Google continues to move beyond its search engine heritage, with the news it is working on technology to help in the early detection of cancers, heart attacks and strokes.
The move is Google’s latest attempt to increase its health tech presence.
The research is being carried out by Google’s X Team, the secret research and development division within Google, and was revealed on Tuesday at the Wall Street Journal Digital conference in Southern California.
At the conference, Google said it was seeking to detect many serious human illnesses at a much earlier stage. Indeed, the search engine giant is reportedly designing tiny magnetic particles to patrol the bloodstream within the human body for signs of cancer, looming heart attacks and other diseases.
The health effort was revealed by Andrew Conrad, the head of life sciences inside the Google X research lab.
Conrad said that Google is designing nanoparticles (roughly one billionth of a metre in width) that are made up of a magnetic material with antibodies or proteins that will detect or attach to other molecules inside the body.
Essentially, the nanoparticles will be contained within a pill, which once swallowed, will enter the bloodstream and “sniff out” the dangerous chemical signals given off by cells as they become diseased. Indeed, it will act in a similar way to medical detection dogs that are trained to “sniff out” certain forms of cancer.
Unlike the dogs however, the nanoparticles will attach themselves to the problem cells, proteins, or molecules within the patient to pinpoint the problem area. Google is also reportedly working on a wearable device that will act as a monitoring tool. It will reportedly contain a magnet to attract and count the particles.
“Every test you ever go to the doctor for will be done through this system,” Dr Andrew Conrad, head of the Life Sciences team at the Google X research lab, was quoted as saying by the Wall Street Journal. “That is our dream.”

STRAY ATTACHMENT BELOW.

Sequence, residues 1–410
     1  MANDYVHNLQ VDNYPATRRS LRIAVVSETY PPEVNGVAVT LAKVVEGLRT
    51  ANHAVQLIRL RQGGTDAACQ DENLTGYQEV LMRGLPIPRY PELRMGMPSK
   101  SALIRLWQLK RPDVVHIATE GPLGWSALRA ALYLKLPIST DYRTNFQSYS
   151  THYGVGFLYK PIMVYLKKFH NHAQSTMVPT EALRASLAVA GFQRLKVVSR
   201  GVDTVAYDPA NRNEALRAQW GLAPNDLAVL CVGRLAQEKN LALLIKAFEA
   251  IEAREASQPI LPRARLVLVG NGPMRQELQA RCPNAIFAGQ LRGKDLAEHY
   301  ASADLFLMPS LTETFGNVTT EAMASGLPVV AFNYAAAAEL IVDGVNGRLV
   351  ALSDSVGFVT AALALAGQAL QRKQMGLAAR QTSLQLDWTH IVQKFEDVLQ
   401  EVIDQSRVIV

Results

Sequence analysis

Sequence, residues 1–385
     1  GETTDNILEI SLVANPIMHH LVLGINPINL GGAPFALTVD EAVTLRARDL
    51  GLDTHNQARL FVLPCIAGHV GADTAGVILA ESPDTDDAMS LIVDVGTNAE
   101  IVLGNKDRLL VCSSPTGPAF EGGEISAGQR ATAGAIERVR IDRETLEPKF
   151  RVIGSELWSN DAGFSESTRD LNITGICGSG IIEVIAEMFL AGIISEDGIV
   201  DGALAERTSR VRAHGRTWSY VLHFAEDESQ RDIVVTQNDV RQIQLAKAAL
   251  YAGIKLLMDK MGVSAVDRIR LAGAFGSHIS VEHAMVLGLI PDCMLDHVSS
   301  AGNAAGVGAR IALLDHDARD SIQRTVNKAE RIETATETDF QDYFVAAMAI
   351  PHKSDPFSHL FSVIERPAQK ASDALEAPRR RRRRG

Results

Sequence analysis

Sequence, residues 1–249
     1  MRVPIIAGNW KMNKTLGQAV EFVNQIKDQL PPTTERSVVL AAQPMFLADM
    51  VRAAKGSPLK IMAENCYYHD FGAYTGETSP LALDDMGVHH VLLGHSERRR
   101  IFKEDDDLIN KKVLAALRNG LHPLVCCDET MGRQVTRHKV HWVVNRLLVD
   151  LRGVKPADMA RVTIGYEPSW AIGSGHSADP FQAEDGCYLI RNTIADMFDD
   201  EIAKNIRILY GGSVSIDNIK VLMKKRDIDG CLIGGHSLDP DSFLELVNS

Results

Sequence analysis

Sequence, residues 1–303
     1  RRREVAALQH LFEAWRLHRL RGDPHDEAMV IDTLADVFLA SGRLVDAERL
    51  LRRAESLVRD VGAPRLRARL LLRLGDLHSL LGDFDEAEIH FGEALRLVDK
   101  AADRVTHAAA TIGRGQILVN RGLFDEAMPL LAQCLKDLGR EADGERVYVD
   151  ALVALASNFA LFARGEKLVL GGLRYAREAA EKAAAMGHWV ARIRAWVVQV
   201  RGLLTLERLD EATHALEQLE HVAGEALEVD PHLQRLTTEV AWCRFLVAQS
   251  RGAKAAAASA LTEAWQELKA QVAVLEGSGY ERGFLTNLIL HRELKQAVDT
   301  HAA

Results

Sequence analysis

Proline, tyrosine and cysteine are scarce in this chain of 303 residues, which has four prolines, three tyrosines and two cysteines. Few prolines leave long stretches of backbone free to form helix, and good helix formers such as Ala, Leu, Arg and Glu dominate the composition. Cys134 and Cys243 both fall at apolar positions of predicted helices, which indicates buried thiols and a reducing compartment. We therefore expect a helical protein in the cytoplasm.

It should be pointed out that Google does face some steep challenges with the project, as it still needs to develop a coating that will help the particles bind to specific cells. It will also face formidable regulatory hurdles from medical authorities, and possibly even privacy concerns if Google begins collecting patent data.
Dr. Conrad reportedly said Google won’t collect or store medical data itself, but would license the technology to others who will handle the information and its security.
Despite these challenges, Google is not dissuaded from medical research.
Then in July it announced that it had teamed up with Swiss pharmaceutical giant Novartis to develop these ‘smart’ contact lenses to help people with diabetes track their blood glucose levels.
The Google X project has also been looking at a number of other developments for a while now, which includes self-driving cars, high-altitude balloons to deliver Internet, and of course Google Glass, which uses bone conducting technology to deliver sound.
In August Google revealed it was developing its own fleet of airborne drones, in a scheme it calls ‘Project Wing’. The idea is to develop a drone capable of home deliveries, similar to the way in which Amazon is looking to utilise drone technology.
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